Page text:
HUNTSVILLE, Texas — Police who stopped at a convenience store more than 20 years ago in South Texas determined two men at the business were drunk and told them to find a friend to drive them home.

Ruben Ramirez Cardenas and buddy Jose Antonio Lopez Castillo instead dropped off their designated driver after a short distance and Cardenas drove the rest of the way to his home in Edinburg — to get a bottle of brandy. Then they hit the road again and headed to an apartment where Cardenas’ 16-year-old cousin, Mayra Laguna, lived about 10 miles (16 kilometers) away in McAllen.

Laguna was later found fatally beaten, her body rolled down a bank and into a canal near a lake in the Texas Rio Grande Valley.

Cardenas, 47, a Mexican citizen who grew up in the Texas Rio Grande Valley, is set to be executed Wednesday for Laguna’s February 1997 abduction and slaying. He would be the seventh inmate executed this year in Texas, which carries out the death penalty more than any other state.

Attorneys for Cardenas say they plan to file multiple federal court appeals hoping to delay his punishment. They already appealed to state courts, arguing that evidence in his case should undergo new DNA testing because previous testing that pointed to him might not be reliable. Those courts rejected their arguments.

Prosecutors have called the DNA testing request a delay tactic. It’s not clear if the lawyers will present the DNA argument at the federal level.

Attorney Maurie Levin, an attorney for Cardenas, said Tuesday the trial court and the Texas Court of Criminal Appeals, the state’s highest criminal court, used “legal technicalities” to block new DNA testing “that could prove his innocence.”

Levin also argued the eyewitness testimony against Cardenas was shaky, contended that little physical evidence tied him to the killing and said a confession from him was obtained only after 22 hours of isolation and intense police questioning.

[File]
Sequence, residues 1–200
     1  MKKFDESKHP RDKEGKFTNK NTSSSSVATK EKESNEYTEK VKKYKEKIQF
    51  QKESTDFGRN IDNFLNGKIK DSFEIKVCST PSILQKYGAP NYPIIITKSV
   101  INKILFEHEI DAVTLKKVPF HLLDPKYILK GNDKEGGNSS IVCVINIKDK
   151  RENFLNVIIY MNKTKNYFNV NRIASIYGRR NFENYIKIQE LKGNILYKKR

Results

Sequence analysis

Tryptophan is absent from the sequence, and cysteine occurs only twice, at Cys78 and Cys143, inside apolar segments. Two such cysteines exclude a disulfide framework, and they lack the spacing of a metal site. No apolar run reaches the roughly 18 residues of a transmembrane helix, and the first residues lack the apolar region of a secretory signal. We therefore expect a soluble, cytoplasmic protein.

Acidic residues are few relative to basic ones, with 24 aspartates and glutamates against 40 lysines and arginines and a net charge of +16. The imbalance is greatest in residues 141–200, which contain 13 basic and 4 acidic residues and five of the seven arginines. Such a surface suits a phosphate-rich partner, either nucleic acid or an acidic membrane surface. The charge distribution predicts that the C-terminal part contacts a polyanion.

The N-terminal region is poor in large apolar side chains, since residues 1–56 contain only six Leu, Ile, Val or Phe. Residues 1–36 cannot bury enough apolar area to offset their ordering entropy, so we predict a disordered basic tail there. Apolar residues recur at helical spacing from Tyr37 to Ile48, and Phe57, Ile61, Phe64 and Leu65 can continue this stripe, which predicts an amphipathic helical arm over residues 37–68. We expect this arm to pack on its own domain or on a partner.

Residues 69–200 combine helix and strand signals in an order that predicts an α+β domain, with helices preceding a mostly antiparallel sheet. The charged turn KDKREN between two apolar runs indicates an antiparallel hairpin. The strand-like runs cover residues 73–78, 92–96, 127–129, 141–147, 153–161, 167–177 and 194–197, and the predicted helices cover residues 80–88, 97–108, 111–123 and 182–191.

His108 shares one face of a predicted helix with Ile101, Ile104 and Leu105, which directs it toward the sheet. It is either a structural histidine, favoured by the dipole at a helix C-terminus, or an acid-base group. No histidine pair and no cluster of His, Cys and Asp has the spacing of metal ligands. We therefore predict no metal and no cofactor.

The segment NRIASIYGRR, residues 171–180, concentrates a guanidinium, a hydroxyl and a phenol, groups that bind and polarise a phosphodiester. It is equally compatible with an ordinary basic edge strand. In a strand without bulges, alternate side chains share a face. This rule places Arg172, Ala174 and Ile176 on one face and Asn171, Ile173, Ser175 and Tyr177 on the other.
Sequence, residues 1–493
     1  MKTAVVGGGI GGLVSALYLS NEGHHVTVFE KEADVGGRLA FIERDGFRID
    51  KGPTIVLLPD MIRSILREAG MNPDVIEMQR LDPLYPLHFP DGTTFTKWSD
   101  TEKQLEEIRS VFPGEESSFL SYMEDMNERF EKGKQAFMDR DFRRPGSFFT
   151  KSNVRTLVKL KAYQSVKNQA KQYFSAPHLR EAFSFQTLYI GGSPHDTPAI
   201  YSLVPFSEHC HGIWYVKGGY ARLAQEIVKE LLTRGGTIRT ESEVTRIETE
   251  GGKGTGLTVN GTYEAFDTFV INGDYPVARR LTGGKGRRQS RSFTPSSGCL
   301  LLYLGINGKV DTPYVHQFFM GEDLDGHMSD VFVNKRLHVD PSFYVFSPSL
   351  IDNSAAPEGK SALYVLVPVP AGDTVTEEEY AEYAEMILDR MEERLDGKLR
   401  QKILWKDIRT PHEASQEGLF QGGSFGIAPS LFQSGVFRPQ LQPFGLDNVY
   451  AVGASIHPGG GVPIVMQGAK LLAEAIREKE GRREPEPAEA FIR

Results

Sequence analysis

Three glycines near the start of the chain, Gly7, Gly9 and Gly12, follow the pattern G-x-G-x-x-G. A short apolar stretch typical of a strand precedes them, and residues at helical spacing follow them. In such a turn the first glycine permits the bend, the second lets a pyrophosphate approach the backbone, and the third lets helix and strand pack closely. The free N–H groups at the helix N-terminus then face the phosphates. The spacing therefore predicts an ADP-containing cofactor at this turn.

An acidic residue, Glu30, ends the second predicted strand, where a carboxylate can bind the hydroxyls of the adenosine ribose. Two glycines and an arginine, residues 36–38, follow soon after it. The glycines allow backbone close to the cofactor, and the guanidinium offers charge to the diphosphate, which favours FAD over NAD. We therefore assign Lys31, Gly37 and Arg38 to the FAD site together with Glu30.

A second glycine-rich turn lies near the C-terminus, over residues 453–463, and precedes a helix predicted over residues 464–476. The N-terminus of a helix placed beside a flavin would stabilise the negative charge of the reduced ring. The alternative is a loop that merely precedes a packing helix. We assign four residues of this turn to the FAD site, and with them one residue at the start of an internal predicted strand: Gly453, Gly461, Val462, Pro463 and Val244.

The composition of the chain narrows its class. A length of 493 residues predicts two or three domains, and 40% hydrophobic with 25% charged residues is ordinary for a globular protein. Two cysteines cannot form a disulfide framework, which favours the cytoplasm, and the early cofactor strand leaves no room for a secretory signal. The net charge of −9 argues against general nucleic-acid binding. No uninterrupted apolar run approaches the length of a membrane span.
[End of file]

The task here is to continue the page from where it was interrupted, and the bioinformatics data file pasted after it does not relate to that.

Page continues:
“All hallmarks of wrongful convictions,” Levin said. “To permit his execution to proceed when there is potentially exculpatory DNA testing available violates the most basic notions of fairness and justice.”

She added that the Mexican-born Cardenas wasn’t told he could get legal help from the Mexican consulate.

The victim’s younger sister, Roxanna Laguna, told authorities she awoke in pre-dawn darkness to see an intruder in their bedroom. She said Mayra’s mouth was taped and her hands were bound, and that the man went out a window with her.

A woman at the Hidalgo County public housing complex where the Lagunas lived called police after seeing a man walking with a girl who was barefoot and only wearing a shirt and underwear.

Cardenas initially was questioned about the teen’s disappearance because he was a close family member who had socialized with the girl. He was released, then questioned again and arrested after authorities said information he provided conflicted with details from Castillo.

In his statement to police, Cardenas said he was high on cocaine when he and Castillo drove around with Laguna in his mother’s car and eventually had sex with her. He said when he untied her to let her go “she then came at me,” scratching him and kneeing him.

“I then lost it and started punching her on the face,” he told detectives. He said after he hit her in the neck, she began coughing up blood and having breathing difficulties. After trying unsuccessfully to revive her, he said he tied her up “and rolled her down a canal bank.”

Hidalgo County prosecutors argued the DNA request was intended to delay the punishment and “muddy the waters.” Prosecutors also pointed out in court filings that Cardenas led them to the scene of the killing, providing information not publicly disclosed.

Being born in Mexico made Cardenas eligible for legal help from the Mexican consulate when he was arrested, according to provisions of the Vienna Convention of Consular Relations, which is a 1963 international agreement. The courts have allowed executions to move forward in several previous Texas death row cases in which the agreement was said to have been violated.

Cardenas’ friend, Castillo, was convicted of aggravated kidnapping and is serving a 25-year prison term.

Author photo
MICHAEL GRACZYK
The AP is one of the largest and most trusted sources of independent newsgathering. AP is neither privately owned nor government-funded; instead, as a not-for-profit news cooperative owned by its American newspaper and broadcast members, it can maintain its single-minded focus on newsgathering and its commitment to the highest standards of objective, accurate journalism.